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How fast do you troll?


sparky88

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I've been an avid open water and ice fisherman for years, but I finally bit the bullet and bought a boat. Just wondering what speed you troll at and if you vary it often? I've had some luck at 1.5-2 mph. All the lakes in my area are shallow, and I have been using bottom bouncers.

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Pulling rigs .2-2.5mph/ cranks 1.5-3mph. Most of the time slow enough to keep the bait down, but fast enough so it isn't draging on the bottom.

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Lindy rigs barely have to move at all and really don't have to move at all. Troll spinner rigs just fast enough to turn the spinners as a rule of thumb but maybe faster on occasions to trigger bites. The depths of crankbaits are not speed dependent and generally dive the same depth at all speeds unless you are using some type of weight system such as leadcore or snapweights to get them deeper, but that's another subject. 1.5 mph to 3 mph is pretty close to the range you'll want to run them in most cases. Some cranks run better at the slower end and aren't designed for faster trolling speeds but it varies alot. As far as the actual speed to troll anything, the most important thing is to let the fish tell you what they want. Personally, I like to start trolling crankbaits at 2 mph and vary the speed from there to determine what the fish want on a particular day. Many days, it's a variation in speed that will trigger a strike and I find that it'll usually be just a short burst of speed, say 2mph to 2 1/2mph or 2mph to 3mph that will often trigger a strike. I believe that often times fish follow cranks and that sudden change in speed makes them believe the bait is trying to get away from them and then they'll grab it. When you get your boat, get gps to determine speed and start experimenting. When you find something that works for you, start learning the variations from there. Don't get discouraged because it'll take alot of practice before it all becomes clear. Good luck.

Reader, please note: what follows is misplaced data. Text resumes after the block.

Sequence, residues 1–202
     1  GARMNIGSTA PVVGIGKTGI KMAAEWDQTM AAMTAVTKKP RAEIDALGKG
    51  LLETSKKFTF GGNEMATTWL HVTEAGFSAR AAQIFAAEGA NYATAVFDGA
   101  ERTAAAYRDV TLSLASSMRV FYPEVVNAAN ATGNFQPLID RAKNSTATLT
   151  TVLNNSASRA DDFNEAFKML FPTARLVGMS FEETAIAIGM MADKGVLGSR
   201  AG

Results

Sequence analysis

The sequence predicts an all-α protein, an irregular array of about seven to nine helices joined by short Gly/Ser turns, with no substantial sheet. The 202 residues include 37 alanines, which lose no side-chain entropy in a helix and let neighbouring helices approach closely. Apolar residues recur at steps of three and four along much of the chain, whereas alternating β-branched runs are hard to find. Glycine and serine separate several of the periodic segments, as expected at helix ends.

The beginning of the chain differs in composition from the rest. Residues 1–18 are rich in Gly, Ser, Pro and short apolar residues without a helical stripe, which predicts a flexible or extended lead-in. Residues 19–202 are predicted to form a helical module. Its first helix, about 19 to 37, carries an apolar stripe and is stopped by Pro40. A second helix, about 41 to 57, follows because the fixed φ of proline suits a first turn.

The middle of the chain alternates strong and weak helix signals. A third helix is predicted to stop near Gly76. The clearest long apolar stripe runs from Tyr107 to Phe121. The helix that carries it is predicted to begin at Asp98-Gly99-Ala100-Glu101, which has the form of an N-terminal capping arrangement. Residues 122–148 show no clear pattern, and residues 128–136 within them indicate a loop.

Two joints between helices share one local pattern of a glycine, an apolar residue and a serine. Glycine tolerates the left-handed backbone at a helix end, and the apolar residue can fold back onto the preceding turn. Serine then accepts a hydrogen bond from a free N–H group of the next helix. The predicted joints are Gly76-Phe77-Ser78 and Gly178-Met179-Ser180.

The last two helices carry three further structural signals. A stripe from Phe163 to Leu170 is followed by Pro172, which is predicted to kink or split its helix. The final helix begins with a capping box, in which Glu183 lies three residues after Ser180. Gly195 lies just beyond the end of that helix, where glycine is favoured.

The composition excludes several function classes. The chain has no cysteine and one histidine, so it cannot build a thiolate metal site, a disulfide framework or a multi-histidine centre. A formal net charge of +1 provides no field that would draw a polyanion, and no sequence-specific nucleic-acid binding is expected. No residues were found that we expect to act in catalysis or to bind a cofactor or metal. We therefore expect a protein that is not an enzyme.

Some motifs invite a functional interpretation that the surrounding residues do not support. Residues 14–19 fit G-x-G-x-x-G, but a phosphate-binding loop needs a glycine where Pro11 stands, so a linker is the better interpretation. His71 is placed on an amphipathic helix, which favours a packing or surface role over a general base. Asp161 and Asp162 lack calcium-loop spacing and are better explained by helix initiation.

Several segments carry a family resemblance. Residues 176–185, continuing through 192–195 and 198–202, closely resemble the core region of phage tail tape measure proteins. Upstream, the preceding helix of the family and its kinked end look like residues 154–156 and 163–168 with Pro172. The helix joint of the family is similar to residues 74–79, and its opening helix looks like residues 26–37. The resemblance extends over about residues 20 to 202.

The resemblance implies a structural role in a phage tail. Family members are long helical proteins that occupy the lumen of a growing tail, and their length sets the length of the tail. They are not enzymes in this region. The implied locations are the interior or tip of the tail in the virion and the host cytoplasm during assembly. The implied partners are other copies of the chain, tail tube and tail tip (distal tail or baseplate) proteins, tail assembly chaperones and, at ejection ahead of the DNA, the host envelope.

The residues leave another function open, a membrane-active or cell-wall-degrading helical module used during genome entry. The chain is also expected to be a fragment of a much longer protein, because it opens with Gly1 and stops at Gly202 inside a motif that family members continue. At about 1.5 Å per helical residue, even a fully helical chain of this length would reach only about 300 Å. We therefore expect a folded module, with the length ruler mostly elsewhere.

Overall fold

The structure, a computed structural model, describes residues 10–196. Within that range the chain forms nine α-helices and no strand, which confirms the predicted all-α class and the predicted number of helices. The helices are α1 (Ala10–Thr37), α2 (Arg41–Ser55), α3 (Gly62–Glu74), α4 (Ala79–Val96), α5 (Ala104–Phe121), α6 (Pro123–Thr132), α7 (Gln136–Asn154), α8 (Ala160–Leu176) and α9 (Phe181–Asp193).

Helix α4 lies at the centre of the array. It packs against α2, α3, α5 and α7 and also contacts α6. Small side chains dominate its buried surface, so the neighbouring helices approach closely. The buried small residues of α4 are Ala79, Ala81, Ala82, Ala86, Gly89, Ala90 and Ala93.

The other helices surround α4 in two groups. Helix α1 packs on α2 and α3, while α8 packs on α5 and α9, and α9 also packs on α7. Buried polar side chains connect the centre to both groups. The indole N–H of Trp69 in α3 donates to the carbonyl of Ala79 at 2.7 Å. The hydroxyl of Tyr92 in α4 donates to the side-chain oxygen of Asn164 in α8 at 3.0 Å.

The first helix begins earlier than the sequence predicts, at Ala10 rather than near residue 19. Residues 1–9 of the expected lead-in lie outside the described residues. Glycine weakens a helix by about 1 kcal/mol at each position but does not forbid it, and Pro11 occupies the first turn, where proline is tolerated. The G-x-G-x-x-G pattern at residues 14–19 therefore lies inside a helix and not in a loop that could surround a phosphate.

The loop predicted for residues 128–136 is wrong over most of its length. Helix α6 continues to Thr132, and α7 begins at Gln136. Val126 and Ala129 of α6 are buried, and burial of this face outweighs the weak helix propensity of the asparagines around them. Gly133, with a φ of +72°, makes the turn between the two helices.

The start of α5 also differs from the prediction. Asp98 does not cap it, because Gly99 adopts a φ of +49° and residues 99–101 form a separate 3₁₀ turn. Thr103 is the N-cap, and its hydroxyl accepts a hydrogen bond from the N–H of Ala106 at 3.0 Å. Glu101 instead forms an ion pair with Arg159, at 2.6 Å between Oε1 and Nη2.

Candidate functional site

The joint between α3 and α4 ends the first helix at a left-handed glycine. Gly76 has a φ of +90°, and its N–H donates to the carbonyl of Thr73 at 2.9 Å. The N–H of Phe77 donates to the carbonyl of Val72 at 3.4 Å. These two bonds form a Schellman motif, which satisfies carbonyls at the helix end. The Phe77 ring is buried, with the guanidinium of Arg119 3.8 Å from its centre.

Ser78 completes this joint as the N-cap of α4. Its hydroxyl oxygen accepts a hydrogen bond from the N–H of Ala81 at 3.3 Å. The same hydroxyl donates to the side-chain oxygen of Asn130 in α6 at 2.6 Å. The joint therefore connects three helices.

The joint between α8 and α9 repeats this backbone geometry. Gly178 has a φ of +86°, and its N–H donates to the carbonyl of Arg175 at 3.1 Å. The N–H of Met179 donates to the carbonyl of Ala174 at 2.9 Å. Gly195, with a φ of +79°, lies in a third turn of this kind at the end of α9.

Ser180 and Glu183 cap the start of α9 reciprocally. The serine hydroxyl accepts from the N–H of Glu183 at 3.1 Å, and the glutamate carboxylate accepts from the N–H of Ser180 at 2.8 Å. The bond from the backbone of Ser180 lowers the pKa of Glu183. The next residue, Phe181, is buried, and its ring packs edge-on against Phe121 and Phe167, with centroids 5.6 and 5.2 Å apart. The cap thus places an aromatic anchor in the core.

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One more thing on bottom bouncers and spinners. When you toll them, use a heavy enough bottom bouncer to keep them very vertical instead of dragging them (not more than about 45 degrees or so). A rule of thumb is 1 oz. for 0 to 10 feet, 2 oz. for 10 to 20 feet and 3 oz. for 20 to 30 feet. The key with bottom bouncers is not to drag them but to hold them close enough to the bottom so that you can occasionally "bounce" them off the bottom if you drop the end of the rod. That's why they aren't called bottom draggers.

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Think of them as a bottom checker. Drop the tip every 15 seconds or so to make sure the bottm didn't go anywhere, then lift it up a couple of inchs.

My speeds are generally this.

Lindy/3-way/live bait rigging

0.1-0.8 MPH

Slow Death

0.4-1.2 MPH

Crawler harnesses, #3 blades turn at a slower speed than a #6

0.6-1.5 MPH

Cranks

1.5-3.0 MPH

I will definitly change things up if the fish show me something different. For me, being a technical fisherman the importance of good electronics (GPS) is crucial to repeatability. I cannot tell the difference between 1.1 and 1.2MPH, but the fish can.

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To put it a different way, I troll as fast as I can and still catch fish. Once you make contact with fish, speed up a little bit until they stop biting. The faster you can go and still catch fish, the more fish you will come in contact with during a given time.

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usually faster than most.. but that's because I almost exclusively troll deeper than 30ft, and usually for lake trout or deep pike/muskies.

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You did not say what species, but for pike, I start at 3 mph backtrolling, and speed up to at max 7-8 mph (fastest my lure will run)

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To put it a different way, I troll as fast as I can and still catch fish. Once you make contact with fish, speed up a little bit until they stop biting. The faster you can go and still catch fish, the more fish you will come in contact with during a given time.

Exactly! Me too.

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when starting I like it at 3mph if I connect on the 3-4 pass I will either speed up or slow down. even change size of bait but not color.

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